Sir William was President for eleven years. His eleven anniversary discourses and contributions to the Asiatic Researches form a bright phase in the history of Indological studies. He was fascinated by Sanskrit and arduously learnt the language in three years. While investigating whether Indians had any plays he chanced to say his hands as poet Kalidasa's Sakuntala in Latin. He rendered it into English prose in 1789. His translation ran into three editions. Later it went into German, French and Italian.
Jones used to go to Krishinagar to learn Sanskrit and spend time with the scholars there. He revelled in discussions with pandits in Navadweep. His friendship with scholars like Pandit Ramlochan, Radha Krishna Sharma and Tarakapanchanan helped him acquire insights into Sanskrit language and literature. The last edited his Digest of the Hindu Law.
Sir William was the first to realise the importance of translating Indian classics to effectively interpret India to the West. A trained jurist and an ardent lover of India, he wanted to translate the Institutes of Manu and when an opportunity presented itself he took over the translation from Wilkins who started the work at first. Sir William's translation of Sakuntala gave the German poet Goethe an insight into Kalidasa's grandeur and the excellence of Indian aesthetic exuberance. Other translations of the great orientalist included the renderings of Vishnu Sharma's Hitopsadesam and Jayadeva's blissful Gita Govinda.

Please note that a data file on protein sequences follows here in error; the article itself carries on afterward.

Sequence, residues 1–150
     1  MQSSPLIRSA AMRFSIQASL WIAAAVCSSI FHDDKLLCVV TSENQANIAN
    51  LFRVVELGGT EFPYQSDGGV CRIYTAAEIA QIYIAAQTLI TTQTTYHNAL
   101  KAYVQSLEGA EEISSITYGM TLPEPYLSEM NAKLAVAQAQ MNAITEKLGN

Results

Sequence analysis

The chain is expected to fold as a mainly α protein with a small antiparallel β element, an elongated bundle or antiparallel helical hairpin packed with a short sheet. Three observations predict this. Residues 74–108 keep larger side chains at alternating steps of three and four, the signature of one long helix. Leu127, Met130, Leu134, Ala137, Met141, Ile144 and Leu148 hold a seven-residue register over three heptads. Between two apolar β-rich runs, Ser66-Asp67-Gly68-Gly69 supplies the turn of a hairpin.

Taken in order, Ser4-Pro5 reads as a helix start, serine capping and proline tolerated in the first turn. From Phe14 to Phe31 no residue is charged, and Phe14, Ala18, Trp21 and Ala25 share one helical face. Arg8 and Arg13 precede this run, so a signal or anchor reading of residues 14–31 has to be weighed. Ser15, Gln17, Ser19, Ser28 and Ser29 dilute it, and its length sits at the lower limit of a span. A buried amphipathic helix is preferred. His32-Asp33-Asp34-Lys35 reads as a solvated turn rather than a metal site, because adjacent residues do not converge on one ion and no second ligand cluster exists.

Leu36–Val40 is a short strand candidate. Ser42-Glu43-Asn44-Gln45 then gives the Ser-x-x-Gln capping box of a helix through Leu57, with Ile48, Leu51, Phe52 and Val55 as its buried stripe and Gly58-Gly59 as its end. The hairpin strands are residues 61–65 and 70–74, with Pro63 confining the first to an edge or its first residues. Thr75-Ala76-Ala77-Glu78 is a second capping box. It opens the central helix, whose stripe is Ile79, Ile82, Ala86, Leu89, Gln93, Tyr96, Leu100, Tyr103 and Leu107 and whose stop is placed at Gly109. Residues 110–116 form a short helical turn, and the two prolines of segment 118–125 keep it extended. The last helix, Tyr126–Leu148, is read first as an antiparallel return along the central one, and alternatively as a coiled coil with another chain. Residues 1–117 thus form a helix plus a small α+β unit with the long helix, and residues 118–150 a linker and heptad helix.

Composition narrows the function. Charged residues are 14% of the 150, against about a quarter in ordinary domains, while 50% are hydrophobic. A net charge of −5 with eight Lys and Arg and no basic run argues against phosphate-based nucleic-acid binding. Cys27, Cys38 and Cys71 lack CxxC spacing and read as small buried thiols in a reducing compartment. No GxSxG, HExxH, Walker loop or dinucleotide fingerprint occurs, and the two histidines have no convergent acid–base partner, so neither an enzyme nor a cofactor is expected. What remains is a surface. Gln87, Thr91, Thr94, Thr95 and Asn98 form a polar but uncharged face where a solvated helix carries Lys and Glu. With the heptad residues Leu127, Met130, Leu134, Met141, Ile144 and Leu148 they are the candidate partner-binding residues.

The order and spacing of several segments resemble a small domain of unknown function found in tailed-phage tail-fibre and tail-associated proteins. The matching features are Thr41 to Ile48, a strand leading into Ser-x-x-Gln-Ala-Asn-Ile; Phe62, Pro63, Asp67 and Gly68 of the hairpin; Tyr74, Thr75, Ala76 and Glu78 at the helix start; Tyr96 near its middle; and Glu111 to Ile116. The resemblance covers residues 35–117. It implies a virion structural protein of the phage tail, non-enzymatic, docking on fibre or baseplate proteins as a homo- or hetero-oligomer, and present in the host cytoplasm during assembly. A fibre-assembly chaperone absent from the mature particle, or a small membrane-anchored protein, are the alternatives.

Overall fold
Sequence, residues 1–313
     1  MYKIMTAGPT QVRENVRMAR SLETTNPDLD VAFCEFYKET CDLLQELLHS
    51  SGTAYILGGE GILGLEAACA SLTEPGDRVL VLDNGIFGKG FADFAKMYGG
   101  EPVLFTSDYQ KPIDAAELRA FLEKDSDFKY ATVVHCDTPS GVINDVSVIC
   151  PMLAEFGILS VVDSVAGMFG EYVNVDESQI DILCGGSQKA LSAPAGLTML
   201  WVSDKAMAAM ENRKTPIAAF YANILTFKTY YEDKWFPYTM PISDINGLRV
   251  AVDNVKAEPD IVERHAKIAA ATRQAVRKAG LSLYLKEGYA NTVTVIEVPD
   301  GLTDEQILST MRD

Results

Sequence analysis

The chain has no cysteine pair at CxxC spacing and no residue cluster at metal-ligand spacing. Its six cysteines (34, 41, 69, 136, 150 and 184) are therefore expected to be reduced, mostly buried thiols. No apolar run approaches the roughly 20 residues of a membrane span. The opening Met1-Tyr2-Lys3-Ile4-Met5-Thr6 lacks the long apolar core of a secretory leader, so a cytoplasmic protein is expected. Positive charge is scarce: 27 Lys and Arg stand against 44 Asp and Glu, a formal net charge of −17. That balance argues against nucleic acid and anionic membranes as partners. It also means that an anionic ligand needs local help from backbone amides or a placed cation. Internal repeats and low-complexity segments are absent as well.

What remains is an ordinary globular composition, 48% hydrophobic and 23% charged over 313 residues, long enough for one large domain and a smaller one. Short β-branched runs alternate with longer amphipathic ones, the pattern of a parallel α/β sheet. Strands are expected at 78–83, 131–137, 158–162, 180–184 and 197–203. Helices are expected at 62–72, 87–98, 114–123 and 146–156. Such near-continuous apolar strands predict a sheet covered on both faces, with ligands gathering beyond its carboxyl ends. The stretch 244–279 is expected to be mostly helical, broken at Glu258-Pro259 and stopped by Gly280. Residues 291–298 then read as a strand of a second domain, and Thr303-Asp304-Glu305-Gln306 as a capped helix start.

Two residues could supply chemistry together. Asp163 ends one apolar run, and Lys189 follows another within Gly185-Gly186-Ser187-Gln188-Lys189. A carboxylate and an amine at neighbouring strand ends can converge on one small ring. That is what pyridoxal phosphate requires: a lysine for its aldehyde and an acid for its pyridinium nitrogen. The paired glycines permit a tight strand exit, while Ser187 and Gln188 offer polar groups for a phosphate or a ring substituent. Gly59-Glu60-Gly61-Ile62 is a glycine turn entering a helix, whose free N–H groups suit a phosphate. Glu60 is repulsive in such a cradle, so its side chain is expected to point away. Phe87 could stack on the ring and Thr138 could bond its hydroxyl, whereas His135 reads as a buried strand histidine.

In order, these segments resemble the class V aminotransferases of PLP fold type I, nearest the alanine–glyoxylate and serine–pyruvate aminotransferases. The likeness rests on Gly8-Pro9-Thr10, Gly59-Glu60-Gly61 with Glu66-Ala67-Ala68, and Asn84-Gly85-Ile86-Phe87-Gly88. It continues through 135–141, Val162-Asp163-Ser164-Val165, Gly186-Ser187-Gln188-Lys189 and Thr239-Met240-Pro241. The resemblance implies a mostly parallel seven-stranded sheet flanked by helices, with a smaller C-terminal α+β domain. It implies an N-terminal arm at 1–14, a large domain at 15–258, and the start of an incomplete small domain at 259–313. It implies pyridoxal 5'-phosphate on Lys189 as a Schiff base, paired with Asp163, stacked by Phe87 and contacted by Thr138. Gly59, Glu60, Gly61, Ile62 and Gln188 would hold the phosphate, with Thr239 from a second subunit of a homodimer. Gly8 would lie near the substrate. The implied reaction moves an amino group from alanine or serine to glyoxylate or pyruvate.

Today we remember Sir William Jones (popularly known in England as Asiatic Jones) as a distinguished orientalist, Indologist and philologist. He died early at the age of forty-eight in 1794. In Telugu we have a saying that it is better to live the span of a swan for six months than to live long like the crow for very long. Very great men died early their short span of life notwithstanding they left behind monumental works.
Note: We stand beholden to Smt. Lalitha Krishna Sastry for having published in 1998 her late husband's doctoral dissertation, which earned him a doctoral degree, more than four decades ago. But for her forward-looking gesture, Sir William Jones: Interpreter of India to the West would have been gathering further dust in the morgue of unpublished dissertations in the Andhra University Library.